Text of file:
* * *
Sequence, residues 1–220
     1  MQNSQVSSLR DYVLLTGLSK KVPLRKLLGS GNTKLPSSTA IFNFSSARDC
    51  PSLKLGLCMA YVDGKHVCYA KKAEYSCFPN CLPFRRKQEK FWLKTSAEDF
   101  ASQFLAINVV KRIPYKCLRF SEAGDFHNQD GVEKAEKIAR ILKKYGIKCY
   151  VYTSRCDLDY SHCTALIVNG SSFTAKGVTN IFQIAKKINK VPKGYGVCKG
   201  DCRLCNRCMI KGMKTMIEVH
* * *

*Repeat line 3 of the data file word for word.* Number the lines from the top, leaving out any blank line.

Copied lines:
    51  PSLKLGLCMA YVDGKHVCYA KKAEYSCFPN CLPFRRKQEK FWLKTSAEDF